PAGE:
Writer who inspired Lee Daniels' film 'The Butler' is coming

Former White House butler Eugene Allen and his wife, Helene (upon whom the character played by Oprah Winfrey in the movie is based), take a picture at a soiree with then-first lady Nancy Reagan (above); Allen takes a photo (left) of Martin Luther King Sr.
Former White House butler Eugene Allen and his wife, Helene (upon whom the character played by Oprah Winfrey in the movie is based), take a picture at a soiree with then-first lady Nancy Reagan (above); Allen takes a photo (left) of Martin Luther King Sr.
Posted: September 17, 2013

HE MAY be unassuming and bookish, but Washington Post reporter Wil Haygood is a rock star.

His 2008 article about a black White House employee who served under eight U.S. presidents inspired the hit movie "The Butler," starring Forest Whitaker and Oprah Winfrey.

I'm in awe of Haygood because of what he has accomplished: By telling the story of Eugene Allen, who worked as a butler at the White House under eight administrations for three decades, Haygood pays homage to all the nameless people in service industries who for decades toiled in obscurity, often enduring the worst kind of racial indignities, while making things happen in the halls of power.

So, yes, I'll be at the African American Museum in Philadelphia early Wednesday evening to get Haygood to autograph my copy of The Butler: A Witness to History. It's a companion book to the movie that tells how Haywood came up with the idea for his now-famous Post article, and also how the movie it inspired came to be.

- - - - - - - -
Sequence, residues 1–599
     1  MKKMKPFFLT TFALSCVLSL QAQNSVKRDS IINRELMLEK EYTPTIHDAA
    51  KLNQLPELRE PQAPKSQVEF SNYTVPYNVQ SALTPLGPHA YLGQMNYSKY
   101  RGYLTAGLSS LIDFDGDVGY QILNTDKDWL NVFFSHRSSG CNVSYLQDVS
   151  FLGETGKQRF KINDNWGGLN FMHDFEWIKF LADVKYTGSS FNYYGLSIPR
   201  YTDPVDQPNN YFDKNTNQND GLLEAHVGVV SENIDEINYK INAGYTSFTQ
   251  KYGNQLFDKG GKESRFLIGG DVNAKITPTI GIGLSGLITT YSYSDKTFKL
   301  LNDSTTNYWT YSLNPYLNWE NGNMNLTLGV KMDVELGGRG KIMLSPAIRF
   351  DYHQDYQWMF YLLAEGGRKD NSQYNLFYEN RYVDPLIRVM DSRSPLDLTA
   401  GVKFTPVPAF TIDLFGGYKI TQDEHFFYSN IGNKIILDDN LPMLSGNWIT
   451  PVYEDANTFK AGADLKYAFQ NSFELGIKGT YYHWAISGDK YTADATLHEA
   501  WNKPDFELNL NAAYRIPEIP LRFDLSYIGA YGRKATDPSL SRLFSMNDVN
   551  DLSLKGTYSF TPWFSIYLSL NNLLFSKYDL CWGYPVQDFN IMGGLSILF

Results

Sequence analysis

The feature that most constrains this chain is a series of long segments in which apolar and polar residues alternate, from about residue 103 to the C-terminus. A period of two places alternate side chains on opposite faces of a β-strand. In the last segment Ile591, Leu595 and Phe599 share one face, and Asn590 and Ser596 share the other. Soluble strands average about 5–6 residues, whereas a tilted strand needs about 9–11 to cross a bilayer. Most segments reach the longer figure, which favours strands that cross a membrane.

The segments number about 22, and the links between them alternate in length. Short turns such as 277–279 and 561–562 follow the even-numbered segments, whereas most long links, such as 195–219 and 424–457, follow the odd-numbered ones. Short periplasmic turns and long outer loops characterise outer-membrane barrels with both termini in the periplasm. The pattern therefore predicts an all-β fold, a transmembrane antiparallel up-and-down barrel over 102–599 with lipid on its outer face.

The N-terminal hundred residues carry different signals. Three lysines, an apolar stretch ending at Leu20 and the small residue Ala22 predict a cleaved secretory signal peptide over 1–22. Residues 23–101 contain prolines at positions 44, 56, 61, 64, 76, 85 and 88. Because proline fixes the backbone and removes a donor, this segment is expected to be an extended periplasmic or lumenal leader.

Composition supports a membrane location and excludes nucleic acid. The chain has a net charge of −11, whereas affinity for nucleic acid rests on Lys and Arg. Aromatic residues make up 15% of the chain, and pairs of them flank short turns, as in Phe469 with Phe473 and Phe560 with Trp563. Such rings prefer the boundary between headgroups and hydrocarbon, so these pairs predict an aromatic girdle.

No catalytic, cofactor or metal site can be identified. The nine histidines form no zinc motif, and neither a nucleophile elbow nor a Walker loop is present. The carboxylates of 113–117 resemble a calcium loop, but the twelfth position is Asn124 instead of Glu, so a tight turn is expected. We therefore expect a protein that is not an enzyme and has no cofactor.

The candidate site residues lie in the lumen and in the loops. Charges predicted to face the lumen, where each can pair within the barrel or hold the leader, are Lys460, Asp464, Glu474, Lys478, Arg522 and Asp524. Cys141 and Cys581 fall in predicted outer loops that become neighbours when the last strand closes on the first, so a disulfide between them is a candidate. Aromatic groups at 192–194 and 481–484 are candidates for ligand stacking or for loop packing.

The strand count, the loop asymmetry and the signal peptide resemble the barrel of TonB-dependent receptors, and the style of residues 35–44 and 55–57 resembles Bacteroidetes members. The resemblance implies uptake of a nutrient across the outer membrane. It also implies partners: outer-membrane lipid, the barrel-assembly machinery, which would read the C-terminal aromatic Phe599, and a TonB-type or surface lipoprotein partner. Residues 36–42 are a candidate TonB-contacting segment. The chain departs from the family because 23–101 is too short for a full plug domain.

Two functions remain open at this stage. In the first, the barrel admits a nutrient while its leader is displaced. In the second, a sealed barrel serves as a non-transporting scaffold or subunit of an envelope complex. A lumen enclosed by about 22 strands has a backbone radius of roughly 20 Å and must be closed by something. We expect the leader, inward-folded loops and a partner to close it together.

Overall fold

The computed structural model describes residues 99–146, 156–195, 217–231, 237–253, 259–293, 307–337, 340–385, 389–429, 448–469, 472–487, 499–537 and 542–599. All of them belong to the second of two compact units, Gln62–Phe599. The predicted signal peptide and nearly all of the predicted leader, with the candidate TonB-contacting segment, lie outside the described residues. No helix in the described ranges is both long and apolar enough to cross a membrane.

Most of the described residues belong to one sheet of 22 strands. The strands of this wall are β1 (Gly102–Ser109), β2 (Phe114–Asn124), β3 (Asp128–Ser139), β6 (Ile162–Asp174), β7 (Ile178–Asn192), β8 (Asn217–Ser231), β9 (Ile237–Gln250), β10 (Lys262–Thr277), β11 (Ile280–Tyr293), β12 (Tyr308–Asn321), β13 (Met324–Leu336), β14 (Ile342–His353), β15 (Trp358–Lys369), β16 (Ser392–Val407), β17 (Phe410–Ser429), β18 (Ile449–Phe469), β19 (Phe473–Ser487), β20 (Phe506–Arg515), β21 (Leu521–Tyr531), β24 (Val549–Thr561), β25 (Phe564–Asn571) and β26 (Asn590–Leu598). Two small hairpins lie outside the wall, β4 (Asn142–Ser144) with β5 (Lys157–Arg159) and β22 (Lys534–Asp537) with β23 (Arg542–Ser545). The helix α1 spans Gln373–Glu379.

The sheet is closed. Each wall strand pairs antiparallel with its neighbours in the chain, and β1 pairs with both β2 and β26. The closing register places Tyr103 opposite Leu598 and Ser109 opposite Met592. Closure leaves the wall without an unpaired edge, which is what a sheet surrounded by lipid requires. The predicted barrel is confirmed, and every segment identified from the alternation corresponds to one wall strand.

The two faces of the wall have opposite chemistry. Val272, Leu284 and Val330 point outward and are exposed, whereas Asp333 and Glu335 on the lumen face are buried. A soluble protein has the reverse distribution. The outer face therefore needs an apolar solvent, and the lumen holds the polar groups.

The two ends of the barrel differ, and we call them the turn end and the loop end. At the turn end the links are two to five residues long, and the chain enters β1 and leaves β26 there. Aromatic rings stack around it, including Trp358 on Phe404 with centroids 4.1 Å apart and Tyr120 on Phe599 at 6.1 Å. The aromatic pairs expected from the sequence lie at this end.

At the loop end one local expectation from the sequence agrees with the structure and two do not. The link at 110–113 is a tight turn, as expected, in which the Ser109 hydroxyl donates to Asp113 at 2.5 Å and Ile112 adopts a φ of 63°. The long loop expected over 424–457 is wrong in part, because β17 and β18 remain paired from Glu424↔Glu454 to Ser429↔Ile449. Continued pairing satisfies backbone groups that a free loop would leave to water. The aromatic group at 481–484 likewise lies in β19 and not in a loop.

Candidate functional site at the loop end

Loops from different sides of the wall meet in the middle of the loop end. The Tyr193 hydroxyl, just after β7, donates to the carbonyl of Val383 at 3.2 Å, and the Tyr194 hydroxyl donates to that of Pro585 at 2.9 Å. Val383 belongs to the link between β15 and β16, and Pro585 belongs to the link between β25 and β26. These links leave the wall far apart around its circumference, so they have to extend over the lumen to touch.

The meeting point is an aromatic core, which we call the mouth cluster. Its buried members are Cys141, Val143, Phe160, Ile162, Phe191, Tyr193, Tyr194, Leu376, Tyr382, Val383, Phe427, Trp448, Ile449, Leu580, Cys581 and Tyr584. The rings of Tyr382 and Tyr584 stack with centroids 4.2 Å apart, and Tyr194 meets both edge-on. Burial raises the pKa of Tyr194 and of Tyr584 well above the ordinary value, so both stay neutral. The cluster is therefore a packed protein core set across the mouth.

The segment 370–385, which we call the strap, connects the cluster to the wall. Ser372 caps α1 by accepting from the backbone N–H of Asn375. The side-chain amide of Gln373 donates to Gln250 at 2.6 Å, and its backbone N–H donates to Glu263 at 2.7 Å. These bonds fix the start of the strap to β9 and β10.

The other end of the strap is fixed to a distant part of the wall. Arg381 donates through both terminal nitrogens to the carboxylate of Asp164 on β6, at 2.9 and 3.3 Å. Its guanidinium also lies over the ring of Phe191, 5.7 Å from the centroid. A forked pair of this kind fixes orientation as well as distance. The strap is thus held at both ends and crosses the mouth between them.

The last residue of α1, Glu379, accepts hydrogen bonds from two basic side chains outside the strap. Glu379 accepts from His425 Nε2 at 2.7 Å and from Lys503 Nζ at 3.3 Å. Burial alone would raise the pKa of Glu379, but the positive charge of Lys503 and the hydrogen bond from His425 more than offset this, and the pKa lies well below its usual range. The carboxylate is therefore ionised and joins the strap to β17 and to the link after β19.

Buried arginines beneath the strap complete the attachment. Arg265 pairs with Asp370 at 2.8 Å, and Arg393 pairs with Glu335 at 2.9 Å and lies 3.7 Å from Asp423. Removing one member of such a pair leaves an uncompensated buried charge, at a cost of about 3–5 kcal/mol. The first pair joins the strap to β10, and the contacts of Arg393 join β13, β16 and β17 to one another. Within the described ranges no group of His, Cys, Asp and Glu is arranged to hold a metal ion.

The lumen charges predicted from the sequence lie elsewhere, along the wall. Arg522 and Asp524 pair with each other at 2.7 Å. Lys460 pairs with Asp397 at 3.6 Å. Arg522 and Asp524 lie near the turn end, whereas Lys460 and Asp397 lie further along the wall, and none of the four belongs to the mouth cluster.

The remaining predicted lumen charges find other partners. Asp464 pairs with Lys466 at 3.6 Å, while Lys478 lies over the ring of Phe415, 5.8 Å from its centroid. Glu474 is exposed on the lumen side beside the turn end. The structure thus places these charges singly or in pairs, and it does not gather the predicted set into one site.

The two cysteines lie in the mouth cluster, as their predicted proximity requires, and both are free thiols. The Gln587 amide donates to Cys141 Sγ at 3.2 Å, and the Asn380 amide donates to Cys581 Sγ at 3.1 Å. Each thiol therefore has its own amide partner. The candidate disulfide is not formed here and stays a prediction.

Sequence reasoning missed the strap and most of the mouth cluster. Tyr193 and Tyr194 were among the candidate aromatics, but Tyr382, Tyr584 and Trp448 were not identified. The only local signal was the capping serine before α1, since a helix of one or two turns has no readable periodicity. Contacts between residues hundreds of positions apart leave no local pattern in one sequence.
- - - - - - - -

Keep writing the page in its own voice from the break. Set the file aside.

The Post published Haygood's article three days after President Obama's historic win in 2008.

The very next day, Hollywood called.

"[The late producer] Laura Ziskin read my article and said she was deeply touched by it and that she wanted to option the story and turn it into a movie," Haygood recalled. "She told me, 'You are going to get many phone calls from Hollywood movie producers. I vow to you . . . I will follow through and make the movie. I do not option a lot of material, but what I option, I tend to make.' "

The movie, which had a $30 million budget, was No. 1 at the box office for three weeks after opening Aug. 16. Haygood declined to discuss what he's making from the film. He is on leave from the Post to write a book about the late Supreme Court Justice Thurgood Marshall.

"I am overwhelmingly pleased with the movie," said Haygood, who'd seen it five times when we spoke. "I'm very moved that Lee Daniels took my story and that, as an artistic filmmaker might, he took it down the roads he wanted to along with Danny Strong, who wrote a brilliant script."

The film chronicles the "depth and sweep of the modern civil-rights movement" as no other film has, Haygood told me. It gets personal, too, regarding the main character's relationship with his wife. (Allen and his wife, Helene, were married for 65 years.)

"I think there just hasn't been the emotional stretch of black love on the big screen on this scale since Sidney Poitier's 'For Love of Ivy,' " Haygood said. "It's so rare to see a black love story told across the decades on the big screen."